This is a response to last week’s blog post One Database To Rule Them All: The Invisible Content Cartel that Undermines the Freedom of Expression Online. [Ed.]
By Tech Against Terrorism
Tech Against Terrorism focusses on providing practical support to the tech sector in tackling terrorist use of the internet whilst respecting human rights. As a key partner to the Global Internet Forum to Counter Terrorism (GIFCT), we mentor companies in how to implement robust and human rights compliant policies and content moderation practices in line with the Tech Against Terrorism Pledge. Much of our work is focussed on developing data-driven tools to support both tech platforms and academic research. Our ambition is to help build scalable solutions that can support platforms of all sizes in a way that encourages transparency by design.
Through our work in developing the Terrorist Content Analytics Platform (TCAP), with support from Public Safety Canada, we are building the world’s first transparency-centred terrorist content tool. The TCAP alerts platforms to branded content associated with designated (far-right and Islamist) terrorist organisations, archives the material, and facilitates discussion between platforms, civil society, and academia to improve classification and moderation of illegal content. In developing the TCAP, we are facilitating swift and accurate action from tech companies in tackling terrorist content on their platforms in a transparent, accountable, and human rights compliant manner. A beta version for tech companies will be released in December of this year, whilst the beta version for academics and civil society will be released in 2021.
On 4 November VOX-Pol republished an article written by Jillian C York and Svea Windwehr from the Electronic Frontier Foundation (EFF) which outlines concerns about the GIFCT’s hash-sharing database. The concerns raised by York and Windwehr can be summarised as follows:
- Reliance on automated solutions to moderate content can lead to incorrectly removing legitimate and legal speech, including documentation of war crimes, which risks having a negative impact on freedom of speech
- Defining “terrorism” is a political undertaking, and the GIFCT hash-sharing database takedowns risk disproportionately affecting Arab and Muslim communities
- There is limited civil society oversight of the GIFCT and the hash-sharing database, and thus the database risks becoming a “content cartel” where online speech norms are developed without sufficient accountability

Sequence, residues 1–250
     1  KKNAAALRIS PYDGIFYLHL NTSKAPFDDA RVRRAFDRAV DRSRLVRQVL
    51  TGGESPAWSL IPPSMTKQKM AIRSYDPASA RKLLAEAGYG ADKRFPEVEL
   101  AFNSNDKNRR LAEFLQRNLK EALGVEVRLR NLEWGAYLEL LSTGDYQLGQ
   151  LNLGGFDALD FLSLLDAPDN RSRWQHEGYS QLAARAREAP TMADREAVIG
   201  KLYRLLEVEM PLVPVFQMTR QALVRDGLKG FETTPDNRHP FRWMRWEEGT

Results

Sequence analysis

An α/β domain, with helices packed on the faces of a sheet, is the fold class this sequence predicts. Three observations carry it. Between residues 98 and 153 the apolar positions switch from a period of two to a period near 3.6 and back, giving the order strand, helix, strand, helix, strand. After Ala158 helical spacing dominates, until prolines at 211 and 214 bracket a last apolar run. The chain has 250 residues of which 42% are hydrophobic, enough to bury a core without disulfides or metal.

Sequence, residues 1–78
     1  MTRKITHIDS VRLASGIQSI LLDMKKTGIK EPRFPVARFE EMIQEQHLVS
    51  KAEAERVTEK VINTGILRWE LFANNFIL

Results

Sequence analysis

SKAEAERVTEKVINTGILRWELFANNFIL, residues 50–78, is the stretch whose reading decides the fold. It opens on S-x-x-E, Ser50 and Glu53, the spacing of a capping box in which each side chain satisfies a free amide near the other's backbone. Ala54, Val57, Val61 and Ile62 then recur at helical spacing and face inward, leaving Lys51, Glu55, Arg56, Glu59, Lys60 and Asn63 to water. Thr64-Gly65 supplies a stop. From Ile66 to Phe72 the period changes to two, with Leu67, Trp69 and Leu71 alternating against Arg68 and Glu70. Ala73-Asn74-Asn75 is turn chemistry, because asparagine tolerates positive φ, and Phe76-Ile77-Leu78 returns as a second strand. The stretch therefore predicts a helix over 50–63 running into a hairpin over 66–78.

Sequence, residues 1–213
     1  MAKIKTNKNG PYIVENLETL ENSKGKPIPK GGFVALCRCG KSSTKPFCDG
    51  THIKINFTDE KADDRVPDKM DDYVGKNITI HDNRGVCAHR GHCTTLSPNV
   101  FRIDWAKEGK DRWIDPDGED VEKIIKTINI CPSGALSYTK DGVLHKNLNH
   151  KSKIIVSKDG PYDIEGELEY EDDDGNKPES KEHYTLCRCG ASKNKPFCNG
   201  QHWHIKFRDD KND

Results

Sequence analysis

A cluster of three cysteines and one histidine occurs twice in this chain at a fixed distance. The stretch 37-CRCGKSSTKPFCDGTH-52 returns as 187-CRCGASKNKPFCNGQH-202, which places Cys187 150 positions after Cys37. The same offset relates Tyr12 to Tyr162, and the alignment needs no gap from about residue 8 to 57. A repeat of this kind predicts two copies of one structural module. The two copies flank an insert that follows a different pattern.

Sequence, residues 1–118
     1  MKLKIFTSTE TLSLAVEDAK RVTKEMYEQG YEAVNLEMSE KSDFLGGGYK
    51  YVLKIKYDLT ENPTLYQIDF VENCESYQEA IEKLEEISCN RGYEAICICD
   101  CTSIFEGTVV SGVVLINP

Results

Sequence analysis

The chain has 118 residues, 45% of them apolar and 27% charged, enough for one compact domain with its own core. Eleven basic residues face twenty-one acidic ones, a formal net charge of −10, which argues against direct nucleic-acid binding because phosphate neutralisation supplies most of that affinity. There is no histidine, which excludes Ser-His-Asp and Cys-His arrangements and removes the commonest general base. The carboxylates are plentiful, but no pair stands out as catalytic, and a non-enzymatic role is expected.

The concerns raised by York and Windwehr are important. In this piece we detail how we address these concerns in our development of the Terrorist Content Analytics Platform (TCAP).
Scope: preventing undue norm setting of online speech
When tackling terrorist use of the internet it is vital that the rule of law is respected and not undermined by extra-legal mechanisms. We are aware that we, as a non-governmental organisation, should not set global norms for online speech. Therefore, we have based the TCAP’s content inclusion policy on existing international, regional, and national designation of terrorist groups. Further, since terrorists largely focus on producing propaganda for strategic communication purposes, we will in the first instance include official and branded content. In its initial version, the TCAP will contain official Islamic State and al-Qaeda (and affiliates) content, and, crucially, official content from designated far-right terrorist groups, including National Action and Blood and Honour.
By grounding the TCAP in the rule of law, we hope to prevent contributing to undue norm-setting of online speech. To help create definitional clarity for tech companies, we further encourage governments to improve and reform existing designation mechanisms based on the rule of law. Instead of developing complex new regulations about “harmful” content, we believe that first further attention should be brought to existing (but under-utilised) resources, such as the formal terrorist designation process.
Accuracy and accountability: preventing incorrect removal of content